Also depending on the size of extension you want you could have permitted development which is as I remember (regulations changed some 18months ago) no more then half the size of your garden and cannot be visible from the main road of the front of the house from any side access, single storey no more then 2.5mt

Answered 17th Feb 2011

TTM Build

Member since 29 Jan 2009

As with some of the other answers. You will not be eligible for permitted developement so will need planning and will almost certainly need a party wall agreement

Answered 17th Feb 2011

Whole House Construction

Member since 6 Oct 2010

As mentioned previously not all property developments require planning permission. However, it is important that you check with the local council planning department whether your planned extension requires permission, as it could be very costly if you carry out some building works which later have to be altered or even demolished because you failed to obtain the correct planning permissions. It is best to take the advice of an architect or planning consultant.

In England Planning Permission is not required as long as:

* The proposed footprint does not exceed 50% of the total curtilage;
* The height would not exceed the highest part of the existing roof;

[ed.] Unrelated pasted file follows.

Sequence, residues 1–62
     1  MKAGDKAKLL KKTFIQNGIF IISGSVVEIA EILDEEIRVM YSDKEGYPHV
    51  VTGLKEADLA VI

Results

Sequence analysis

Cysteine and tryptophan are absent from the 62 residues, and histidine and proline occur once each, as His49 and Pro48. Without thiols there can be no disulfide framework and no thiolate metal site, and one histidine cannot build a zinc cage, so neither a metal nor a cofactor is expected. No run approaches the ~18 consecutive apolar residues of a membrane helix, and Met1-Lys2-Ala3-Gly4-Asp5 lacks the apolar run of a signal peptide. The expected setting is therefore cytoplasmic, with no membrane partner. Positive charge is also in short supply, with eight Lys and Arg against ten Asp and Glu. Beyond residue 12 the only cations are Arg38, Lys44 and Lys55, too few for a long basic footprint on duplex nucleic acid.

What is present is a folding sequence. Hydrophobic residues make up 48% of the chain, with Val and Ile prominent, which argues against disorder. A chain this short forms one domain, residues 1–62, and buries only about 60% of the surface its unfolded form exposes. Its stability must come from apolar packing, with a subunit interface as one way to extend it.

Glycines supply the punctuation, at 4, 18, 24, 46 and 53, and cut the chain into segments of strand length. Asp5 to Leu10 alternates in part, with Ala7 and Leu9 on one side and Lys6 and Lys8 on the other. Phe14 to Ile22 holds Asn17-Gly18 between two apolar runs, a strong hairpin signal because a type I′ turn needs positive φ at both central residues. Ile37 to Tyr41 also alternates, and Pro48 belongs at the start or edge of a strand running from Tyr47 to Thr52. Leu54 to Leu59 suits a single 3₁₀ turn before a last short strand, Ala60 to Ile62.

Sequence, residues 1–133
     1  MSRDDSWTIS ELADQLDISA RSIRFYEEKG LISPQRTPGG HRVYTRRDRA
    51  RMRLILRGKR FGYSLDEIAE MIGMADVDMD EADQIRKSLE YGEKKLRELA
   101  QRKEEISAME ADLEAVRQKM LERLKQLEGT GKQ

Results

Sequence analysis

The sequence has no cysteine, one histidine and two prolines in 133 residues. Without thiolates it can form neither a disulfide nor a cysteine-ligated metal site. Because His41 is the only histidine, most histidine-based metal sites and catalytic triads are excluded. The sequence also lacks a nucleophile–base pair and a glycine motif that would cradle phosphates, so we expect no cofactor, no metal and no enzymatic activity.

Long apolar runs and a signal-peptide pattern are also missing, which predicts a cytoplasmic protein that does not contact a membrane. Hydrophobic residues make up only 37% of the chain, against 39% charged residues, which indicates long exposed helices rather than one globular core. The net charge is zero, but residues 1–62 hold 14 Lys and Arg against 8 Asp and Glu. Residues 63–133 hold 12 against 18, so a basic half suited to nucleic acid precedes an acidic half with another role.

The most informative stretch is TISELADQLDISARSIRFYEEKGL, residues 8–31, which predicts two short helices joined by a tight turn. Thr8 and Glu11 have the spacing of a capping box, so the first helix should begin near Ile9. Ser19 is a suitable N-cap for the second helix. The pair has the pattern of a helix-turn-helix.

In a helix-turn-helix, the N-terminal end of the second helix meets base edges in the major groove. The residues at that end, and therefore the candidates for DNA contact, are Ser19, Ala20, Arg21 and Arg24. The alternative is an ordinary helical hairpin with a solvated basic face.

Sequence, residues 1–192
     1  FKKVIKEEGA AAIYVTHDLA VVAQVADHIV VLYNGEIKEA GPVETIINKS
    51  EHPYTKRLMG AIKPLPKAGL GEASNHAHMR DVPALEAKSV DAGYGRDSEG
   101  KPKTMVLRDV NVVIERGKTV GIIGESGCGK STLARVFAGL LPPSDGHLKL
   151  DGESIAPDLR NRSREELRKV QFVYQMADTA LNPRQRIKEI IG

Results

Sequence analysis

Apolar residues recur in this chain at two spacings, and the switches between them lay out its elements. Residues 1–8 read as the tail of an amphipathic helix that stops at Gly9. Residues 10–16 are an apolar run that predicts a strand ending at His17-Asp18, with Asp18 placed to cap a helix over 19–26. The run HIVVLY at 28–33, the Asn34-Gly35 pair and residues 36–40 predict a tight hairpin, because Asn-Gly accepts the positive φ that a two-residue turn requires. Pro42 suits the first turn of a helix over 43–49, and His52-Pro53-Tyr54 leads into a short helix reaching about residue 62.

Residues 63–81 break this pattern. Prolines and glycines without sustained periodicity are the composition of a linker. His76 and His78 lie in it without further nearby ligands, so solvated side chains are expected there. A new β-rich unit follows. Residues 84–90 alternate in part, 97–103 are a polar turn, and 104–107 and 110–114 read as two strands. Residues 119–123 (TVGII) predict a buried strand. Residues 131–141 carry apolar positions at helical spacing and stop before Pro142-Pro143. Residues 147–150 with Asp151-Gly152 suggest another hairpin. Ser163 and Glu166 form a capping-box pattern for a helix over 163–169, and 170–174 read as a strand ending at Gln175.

* The height of the eaves would not exceed the existing eaves height;
* The elevation does not front a highway;
* The maximum eaves height of the extension is less than 3m if it is within 2 metres of the boundary;
* The proposed extension does not exceed 4m in height or have a width greater than half the width of the original house:
* The proposed extension does not consist of -
*the construction or provision of a veranda, balcony or raised platform;
*the installation, alteration or replacement of microwave antenna;
*the installtion, alteration or replacement of a chimney, flue or soil and vent pipe;
*the alteration of any part of the roof of the original dwelling house;
* The materials used are similar to the existing house.

Hope this all helps and good Luck
David

Answered 18th Feb 2011

DBF Portfolio

Member since 23 Sep 2010

Just a few short pointers, Contact local planning and building standards departments by telephone and any questions you have will be anwsered by the allocated planning officer for your area, if you are on a shared tenancy agreement of the property then it may be an idea to inform your neighbours of your plans and if they have any objections, and if any are raised to come to a compromise.
Most clear point is to contact the planning office and ask there advice on your proposed project.

Regards

Gavin Speirs
Speirs Joinery & Construction

Answered 17th Feb 2011

Speirs Joinery & Construction

Member since 17 Feb 2010

HI

THE FIRST THING YOU NEED TO DO IS CHECK YOURE LEASEHOLD TO MAKE SURE THERE ARE NO RESTRICTIONS TO BUILDING AN EXTENSION OR MAKING ALTERATIONS.IF THERE ARENT ANY THEN CONSULT AN ARCHITECT WHO WOULD BE ABLE TO ADVISE YOU ON WHAT SIZE EXTENSION YOU CAN HAVE.IF THE LAND IS PRIVATELY OWNED THEN UNLESS THE PEOPLE IN THE OTHER FLATS DONT COMPLAIN ABOUT YOU HAVING AN EXTENSION THEN THERE SHOULDNT BE ANY PROBLEMS.

BEST WISHES
ANDY

Answered 17th Feb 2011

AJ WILKES BUILDING LIMITED

Member since 8 Jan 2009